If you see those blue flashing lights in your rear-view mirror, the first thing to do is do NOT panic. The way you compose yourself now and in your subsequent interactions with the police officer will be critical in preventing a DUI charge or defending yourself in court against this charge. Demonstrating control and comfort in the officer’s presence will help to mitigate their suspicion that you have been drinking.
The officer may ask you if you have been drinking tonight. In dealing with the police officer, you want to be courteous but admit to nothing. An officer needs to have reasonable suspicion that a driver is intoxicated before they can pursue a DUI investigation. By admitting to drinking and driving, you give that officer cause to push for a chemical test of your intoxication level. You are not obligated to provide the officer with any information other than that which is listed on your driver’s license, and your refusal to provide this information does not constitute cause for the officer to pursue the matter further.
Cause can be established in a number of ways, beginning with his observations of your driving behavior before pulling you over. Swerving or erratic driving may provide sufficient cause for the officer to request a chemical test. However, if you were pulled over for a routine reason, such as a broken tail light or speeding, these factors do not constitute cause to pursue suspicions of drunk driving.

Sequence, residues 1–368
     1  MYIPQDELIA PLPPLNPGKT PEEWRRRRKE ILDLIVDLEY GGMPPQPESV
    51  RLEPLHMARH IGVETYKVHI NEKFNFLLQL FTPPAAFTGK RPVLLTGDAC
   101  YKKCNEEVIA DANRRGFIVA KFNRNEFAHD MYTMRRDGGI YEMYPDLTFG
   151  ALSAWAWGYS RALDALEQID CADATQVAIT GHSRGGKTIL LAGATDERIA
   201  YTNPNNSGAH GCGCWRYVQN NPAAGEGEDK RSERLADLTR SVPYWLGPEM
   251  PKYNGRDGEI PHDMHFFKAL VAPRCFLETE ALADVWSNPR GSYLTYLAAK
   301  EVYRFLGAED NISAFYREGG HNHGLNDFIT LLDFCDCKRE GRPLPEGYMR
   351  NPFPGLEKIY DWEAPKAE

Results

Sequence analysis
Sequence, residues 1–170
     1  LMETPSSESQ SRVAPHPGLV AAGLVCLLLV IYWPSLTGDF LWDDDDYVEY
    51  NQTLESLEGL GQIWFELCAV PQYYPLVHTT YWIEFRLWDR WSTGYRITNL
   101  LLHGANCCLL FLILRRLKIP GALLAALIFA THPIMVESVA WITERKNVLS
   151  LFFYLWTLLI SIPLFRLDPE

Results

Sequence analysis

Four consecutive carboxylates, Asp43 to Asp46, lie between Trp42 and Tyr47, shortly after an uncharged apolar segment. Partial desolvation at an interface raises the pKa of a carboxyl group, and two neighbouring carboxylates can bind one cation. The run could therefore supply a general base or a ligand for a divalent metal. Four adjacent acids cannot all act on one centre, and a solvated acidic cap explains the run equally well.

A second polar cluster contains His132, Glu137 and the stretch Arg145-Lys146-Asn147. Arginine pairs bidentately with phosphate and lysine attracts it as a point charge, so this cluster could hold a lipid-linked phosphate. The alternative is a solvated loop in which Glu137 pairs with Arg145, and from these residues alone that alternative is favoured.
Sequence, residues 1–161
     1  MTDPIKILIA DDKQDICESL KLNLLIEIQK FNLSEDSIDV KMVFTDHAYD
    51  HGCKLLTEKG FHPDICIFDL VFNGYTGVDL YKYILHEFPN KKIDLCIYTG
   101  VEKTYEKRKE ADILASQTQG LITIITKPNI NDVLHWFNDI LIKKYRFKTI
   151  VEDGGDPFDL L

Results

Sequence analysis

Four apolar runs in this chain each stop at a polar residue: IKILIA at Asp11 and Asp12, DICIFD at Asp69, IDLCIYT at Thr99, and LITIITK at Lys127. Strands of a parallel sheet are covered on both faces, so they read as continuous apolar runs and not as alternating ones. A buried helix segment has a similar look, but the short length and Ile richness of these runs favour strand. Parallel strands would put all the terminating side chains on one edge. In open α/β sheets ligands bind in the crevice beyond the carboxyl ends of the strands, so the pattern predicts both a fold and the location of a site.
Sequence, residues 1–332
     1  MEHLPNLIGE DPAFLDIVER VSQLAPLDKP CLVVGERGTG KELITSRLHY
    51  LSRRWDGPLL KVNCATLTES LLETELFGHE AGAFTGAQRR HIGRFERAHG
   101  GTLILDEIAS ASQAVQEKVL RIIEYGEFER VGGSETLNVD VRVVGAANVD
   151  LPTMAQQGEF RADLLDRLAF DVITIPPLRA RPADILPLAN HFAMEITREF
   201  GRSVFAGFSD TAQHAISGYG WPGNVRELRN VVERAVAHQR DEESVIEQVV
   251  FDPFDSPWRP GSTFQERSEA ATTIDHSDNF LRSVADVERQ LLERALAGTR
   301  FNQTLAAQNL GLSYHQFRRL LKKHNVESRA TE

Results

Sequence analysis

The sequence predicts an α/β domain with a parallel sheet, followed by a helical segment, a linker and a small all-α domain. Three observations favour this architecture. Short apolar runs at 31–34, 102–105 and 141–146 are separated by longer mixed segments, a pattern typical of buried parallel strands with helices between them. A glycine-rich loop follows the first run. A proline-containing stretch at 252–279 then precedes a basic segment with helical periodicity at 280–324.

If the officer is unable to detect cause warranting a chemical test during his preliminary interactions with you, he may ask you to step out of the car and perform a field sobriety test (FST). It is within your rights to refuse this test, and you should absolutely do so. The only reason an officer may ask you to perform an FST is to establish cause to ask you for a chemical test, the results of which are more difficult to refute in court.
Even if you have taken all of these steps, the officer may still push for a chemical test. Florida has an “implied consent” law, which mandates that all those possessing a Florida driver’s license must consent to a chemical test. However, if in court it is found that the officer failed to establish reasonable suspicion and cause to request this test, the results may be inadmissible and your case may be thrown out.
Throughout these proceedings, be polite and courteous to the officer, but be aware that you are not legally obligated to comply with all of his requests. Even if he chooses to arrest you, taking these preliminary steps may bolster your court case refuting the basis of your DUI charge.
Posted in: DUI